Understand asymmetric AKA public key cryptography

Understand asymmetric AKA public key cryptography

For thousands of years the art of encryption consisted in hiding one secret from the enemy. By gaining access to this secret the opponent could decode the message and, perhaps, future messages encoded using the same key. Many complicated secret encodings were created, like the Vigenère cipher where the secret alphabet would change among several pages of possible alphabets. The Nazis created a fabulous machine called Enigma, which would use a complex mechanical system of rotors to produce very strong encryption in the age before computers. In fact modern electronic computers were researched and developed greatly by Alan Turing and a team of allied codebreakers at Bletchley Park during the wartime efforts to break Enigma! Cryptography is at the heart of Computer Science and has been a major driving force for computer development throughout the years. Today games and entertainment are likely the greatest drivers of innovation, but cryptography will never lose its place at the birth of the computer.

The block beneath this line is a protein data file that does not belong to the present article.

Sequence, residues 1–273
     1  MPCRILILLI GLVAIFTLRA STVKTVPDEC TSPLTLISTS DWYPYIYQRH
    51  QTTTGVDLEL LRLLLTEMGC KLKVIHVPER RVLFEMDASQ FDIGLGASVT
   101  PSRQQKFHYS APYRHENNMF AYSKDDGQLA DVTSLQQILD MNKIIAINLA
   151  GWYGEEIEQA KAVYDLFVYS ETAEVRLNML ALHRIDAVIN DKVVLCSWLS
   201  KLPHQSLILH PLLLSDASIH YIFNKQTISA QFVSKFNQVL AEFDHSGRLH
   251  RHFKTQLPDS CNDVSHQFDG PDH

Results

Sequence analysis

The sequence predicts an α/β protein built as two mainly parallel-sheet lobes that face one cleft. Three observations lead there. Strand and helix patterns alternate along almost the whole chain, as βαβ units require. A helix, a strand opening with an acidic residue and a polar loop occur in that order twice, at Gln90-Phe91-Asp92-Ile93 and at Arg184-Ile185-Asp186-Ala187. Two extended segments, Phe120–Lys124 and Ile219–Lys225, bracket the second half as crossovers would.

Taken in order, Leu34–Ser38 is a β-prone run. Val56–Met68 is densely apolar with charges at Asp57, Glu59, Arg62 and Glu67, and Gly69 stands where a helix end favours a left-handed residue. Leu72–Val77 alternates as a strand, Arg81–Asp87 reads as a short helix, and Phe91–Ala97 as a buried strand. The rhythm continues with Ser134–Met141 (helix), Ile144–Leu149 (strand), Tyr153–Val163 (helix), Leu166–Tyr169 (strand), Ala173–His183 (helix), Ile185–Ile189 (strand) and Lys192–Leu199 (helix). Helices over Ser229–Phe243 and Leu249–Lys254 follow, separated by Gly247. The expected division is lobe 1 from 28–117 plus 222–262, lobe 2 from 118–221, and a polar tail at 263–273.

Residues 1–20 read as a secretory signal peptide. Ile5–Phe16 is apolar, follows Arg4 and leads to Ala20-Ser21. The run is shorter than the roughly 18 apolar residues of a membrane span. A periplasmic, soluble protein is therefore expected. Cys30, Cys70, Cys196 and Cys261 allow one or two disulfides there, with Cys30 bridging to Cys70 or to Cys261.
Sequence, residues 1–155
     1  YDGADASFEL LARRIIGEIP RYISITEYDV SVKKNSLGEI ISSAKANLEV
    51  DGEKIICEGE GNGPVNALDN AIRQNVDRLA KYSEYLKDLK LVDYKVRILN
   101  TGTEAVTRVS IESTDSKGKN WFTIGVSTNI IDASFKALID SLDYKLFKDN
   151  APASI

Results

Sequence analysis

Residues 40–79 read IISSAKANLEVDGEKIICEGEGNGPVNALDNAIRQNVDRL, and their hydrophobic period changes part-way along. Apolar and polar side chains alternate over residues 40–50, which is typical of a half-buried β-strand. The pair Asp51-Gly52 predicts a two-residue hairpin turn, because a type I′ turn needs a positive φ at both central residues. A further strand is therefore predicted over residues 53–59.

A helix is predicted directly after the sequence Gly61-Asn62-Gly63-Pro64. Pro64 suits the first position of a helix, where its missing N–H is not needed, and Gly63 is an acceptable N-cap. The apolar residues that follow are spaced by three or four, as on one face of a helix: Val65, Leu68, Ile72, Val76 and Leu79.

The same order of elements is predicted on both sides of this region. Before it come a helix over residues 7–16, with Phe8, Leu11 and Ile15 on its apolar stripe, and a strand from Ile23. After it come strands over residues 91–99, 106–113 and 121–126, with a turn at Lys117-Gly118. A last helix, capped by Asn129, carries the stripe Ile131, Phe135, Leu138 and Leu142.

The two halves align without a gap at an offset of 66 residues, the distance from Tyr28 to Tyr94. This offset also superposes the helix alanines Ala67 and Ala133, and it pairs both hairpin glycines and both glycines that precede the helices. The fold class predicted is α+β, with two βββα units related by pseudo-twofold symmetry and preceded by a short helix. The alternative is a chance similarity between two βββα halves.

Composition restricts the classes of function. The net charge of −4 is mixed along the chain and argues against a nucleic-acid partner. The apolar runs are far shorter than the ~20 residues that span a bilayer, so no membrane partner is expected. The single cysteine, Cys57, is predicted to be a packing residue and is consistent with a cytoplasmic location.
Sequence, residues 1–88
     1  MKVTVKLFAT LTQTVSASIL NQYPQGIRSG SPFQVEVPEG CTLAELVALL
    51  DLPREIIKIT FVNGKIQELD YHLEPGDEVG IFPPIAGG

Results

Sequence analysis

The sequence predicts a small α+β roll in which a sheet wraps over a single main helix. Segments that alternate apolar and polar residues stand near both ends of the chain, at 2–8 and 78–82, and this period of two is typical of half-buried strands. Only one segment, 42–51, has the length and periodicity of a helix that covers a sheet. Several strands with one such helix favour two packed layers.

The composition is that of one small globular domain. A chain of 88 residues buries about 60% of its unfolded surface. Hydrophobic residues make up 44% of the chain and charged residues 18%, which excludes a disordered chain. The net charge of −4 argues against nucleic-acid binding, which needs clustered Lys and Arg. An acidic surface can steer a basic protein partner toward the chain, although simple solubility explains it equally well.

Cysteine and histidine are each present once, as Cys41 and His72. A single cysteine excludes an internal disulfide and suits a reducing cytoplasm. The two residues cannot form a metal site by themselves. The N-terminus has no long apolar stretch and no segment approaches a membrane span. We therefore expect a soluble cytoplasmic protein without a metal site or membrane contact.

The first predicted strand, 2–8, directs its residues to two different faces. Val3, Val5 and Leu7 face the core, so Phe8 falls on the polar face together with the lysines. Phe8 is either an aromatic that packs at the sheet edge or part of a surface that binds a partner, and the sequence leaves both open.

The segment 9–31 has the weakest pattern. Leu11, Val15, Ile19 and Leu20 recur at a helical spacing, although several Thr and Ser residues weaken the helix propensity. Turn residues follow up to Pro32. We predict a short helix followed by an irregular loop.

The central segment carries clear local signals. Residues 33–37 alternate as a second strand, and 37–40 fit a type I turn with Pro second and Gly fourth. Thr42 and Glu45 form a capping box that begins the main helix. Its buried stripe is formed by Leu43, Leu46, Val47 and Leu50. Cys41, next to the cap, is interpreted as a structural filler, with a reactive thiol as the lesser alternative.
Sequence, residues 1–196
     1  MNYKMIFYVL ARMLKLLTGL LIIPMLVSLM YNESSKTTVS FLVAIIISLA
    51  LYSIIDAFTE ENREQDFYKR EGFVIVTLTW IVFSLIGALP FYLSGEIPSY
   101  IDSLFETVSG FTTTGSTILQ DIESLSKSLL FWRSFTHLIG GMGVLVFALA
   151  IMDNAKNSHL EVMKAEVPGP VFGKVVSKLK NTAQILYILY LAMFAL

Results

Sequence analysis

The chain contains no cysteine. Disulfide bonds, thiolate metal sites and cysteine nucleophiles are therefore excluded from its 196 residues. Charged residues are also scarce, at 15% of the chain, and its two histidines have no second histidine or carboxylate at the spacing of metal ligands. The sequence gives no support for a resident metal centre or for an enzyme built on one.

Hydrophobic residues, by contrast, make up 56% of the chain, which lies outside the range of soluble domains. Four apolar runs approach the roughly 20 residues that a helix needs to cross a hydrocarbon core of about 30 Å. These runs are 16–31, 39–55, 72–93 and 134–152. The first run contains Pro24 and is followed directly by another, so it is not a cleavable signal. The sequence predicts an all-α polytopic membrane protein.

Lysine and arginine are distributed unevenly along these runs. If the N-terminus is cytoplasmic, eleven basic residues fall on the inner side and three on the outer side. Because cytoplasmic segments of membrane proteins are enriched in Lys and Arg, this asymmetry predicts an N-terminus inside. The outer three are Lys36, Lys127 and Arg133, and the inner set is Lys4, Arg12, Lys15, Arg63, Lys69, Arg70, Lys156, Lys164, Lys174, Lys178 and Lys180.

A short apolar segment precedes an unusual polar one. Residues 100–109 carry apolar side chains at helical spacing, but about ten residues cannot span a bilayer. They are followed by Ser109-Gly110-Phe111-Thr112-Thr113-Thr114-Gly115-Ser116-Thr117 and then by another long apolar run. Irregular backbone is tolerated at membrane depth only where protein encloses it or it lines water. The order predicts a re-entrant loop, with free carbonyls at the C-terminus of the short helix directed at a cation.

Breaking cryptography, then, for hundreds of years boiled down to guessing a key. But modern computers can break any historical cryptographic key in minutes. All a computer has to do is try billions of combinations. Since this was impossible up until WWII, such crypto systems were considered secure. For example, a Vigenère cipher could take a lifetime to break using pencil and paper. With a modern computer all possible Vigenère alphabets would be tested in seconds and the secret code revealed. It was clear that against modern computers more would be needed than the clever combinatorial mechanisms of the past. Computers are applied math, and advanced math would be needed to keep computers from breaking codes.

This was the reality of cryptanalysis post World War II – math was the new weapon against programmable computers. Intelligence agencies quickly shifted more and more resources towards math geeks fresh out of top universities. Newly graduated mathematicians, computer scientists and logicians would find excellent jobs researching number theory, cryptography, abstract algebra and correlated subjects. It was the dream job for any geek, to play with the world’s greatest computers and do what they loved the most, cryptographic research.

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